He jumped up and down as if he’d just heard that the whole house had been burnt to the ground. I didn’t know what to do. So I started to imitate the voice he’d used earlier with the advertisers and with Cheryl.
‘Relax, Dad. Relax your whole body from your fingers to your toes and send your mind to a quiet garden somewhere, where there are roses and sandcastles –’
‘I’ll send you to a fucking garden! I’ll send you to a fucking doctor, you fucking shitter!’
He really was mad and he was at full volume. I had to stop him before we had the neighbours round.
‘But I saw you, Dad,’ I whispered.
‘You saw nothing!’
‘I saw you.’ Then I added significantly: ‘I saw everything.’
‘Don’t be so stupid.’
But he looked at me with a shadow of worry in his face.
‘At least ...’ I said.
‘At least what? What?’
‘At least. At least our mother has both breasts.’
‘What? Oh yes. All right. I understand. I get you.’
He went into the toilet without shutting the door and started to vomit. I went in behind him and rubbed his back as he threw up.
‘It’s all right, it’s all right,’ I said as kindly as I could whilst he cried and heaved, heaved and cried, splattering his shoes and turn-ups, the floor and walls, with his turmoil.
‘I’ll never mention tonight again,’ I said. ‘And nor will you.’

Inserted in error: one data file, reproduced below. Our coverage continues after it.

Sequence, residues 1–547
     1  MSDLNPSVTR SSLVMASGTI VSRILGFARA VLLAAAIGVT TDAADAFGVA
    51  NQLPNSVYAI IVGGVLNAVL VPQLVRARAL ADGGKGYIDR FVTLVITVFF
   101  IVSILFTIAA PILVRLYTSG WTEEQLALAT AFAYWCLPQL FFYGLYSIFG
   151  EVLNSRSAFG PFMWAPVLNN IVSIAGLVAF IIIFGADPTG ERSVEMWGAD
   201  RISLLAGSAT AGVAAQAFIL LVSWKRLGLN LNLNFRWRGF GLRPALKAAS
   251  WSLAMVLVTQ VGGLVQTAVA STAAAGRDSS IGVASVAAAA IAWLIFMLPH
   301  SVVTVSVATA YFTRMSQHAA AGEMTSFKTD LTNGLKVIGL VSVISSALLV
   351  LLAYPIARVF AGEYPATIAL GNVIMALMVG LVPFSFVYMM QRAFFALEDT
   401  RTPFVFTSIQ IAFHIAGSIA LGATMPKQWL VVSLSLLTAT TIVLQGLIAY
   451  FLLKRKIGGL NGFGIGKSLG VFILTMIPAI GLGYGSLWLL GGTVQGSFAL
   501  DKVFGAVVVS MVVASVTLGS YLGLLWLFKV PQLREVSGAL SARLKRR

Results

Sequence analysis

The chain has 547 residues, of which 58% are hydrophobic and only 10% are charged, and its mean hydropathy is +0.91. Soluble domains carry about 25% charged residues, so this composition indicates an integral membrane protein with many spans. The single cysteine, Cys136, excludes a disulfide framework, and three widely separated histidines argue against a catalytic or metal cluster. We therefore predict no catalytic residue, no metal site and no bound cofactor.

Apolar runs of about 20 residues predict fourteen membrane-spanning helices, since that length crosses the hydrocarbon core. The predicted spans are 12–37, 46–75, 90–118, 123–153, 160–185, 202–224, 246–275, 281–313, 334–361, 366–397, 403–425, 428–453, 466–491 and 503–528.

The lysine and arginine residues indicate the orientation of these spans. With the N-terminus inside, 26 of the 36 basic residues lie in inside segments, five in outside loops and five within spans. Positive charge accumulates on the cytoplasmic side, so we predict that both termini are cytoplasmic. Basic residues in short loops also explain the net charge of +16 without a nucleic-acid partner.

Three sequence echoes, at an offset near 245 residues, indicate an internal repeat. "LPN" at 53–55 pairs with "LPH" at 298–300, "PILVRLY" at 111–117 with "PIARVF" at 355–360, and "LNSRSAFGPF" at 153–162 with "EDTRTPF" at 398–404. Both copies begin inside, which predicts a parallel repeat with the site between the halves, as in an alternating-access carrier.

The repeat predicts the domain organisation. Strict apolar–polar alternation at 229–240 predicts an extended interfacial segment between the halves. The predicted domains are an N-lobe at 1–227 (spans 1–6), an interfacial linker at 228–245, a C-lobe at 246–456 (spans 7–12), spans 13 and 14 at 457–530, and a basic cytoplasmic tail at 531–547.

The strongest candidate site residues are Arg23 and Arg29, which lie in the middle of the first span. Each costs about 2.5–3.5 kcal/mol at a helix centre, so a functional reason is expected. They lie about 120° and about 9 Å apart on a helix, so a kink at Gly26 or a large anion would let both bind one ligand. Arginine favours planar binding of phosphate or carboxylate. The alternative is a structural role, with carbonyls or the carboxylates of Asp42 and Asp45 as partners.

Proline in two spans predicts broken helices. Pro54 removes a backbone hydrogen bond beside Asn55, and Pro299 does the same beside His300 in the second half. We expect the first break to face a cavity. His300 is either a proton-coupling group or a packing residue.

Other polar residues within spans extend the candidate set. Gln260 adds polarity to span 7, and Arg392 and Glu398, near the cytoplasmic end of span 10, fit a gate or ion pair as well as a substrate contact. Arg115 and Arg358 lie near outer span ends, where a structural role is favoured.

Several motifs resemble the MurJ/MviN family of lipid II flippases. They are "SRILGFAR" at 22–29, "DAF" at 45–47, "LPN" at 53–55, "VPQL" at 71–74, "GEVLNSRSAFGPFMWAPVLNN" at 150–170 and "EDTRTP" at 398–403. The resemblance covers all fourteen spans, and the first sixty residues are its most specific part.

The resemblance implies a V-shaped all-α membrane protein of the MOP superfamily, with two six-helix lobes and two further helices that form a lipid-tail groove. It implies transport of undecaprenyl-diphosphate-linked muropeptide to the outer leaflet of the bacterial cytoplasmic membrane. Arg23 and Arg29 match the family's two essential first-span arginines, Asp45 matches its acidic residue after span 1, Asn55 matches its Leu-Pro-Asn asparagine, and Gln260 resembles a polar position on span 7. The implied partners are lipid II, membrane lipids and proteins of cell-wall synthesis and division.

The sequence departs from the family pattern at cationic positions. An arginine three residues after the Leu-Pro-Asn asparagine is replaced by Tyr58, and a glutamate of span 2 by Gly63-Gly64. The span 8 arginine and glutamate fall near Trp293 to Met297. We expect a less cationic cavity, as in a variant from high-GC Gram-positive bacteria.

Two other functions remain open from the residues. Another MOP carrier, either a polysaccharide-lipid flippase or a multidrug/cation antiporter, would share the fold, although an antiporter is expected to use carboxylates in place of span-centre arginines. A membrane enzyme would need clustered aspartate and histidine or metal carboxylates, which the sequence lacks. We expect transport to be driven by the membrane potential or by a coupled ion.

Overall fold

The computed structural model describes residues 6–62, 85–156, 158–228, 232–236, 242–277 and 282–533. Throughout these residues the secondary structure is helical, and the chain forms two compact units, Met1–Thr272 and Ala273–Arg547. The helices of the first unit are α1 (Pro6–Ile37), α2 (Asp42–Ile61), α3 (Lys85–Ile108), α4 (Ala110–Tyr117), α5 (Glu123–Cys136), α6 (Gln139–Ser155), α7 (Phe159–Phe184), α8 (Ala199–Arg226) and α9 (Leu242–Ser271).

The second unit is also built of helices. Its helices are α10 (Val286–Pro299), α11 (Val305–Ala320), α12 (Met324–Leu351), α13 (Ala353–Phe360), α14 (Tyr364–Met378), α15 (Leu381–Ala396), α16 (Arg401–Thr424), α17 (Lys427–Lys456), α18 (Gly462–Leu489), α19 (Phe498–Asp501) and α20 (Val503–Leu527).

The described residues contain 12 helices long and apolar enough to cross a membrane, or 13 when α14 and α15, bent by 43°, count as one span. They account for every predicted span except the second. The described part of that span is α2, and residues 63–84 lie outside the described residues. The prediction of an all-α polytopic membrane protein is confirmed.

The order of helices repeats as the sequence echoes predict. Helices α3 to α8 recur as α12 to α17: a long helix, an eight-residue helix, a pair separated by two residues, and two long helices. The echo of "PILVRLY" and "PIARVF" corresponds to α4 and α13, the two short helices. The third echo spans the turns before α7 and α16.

He nodded his head and then pressed it against the cool rim of the toilet.
‘Why did you bring him home like this?’ said my mother, who stood behind us in her dressing-gown. It was so long it almost touched the floor. It made her look square.
‘Couldn’t you have looked after him?’ She kept plucking at my arm. ‘I was looking out of the window and waiting for you for hours.’
My father eventually stood up straight and pushed past us.
‘Make up a bed for me in the front room,’ Mum said. ‘I can’t sleep next to that man.’
When I’d made up the bed for her and she’d got into it – and it was far too narrow and short for her – I told her something. I told her that whatever happened she was to understand one thing, one thing that I’d decided.
‘What?’ she said.
‘I’ll never be getting married. Okay?’
‘I don’t blame you,’ she said, turning over. ‘I don’t blame you at all.’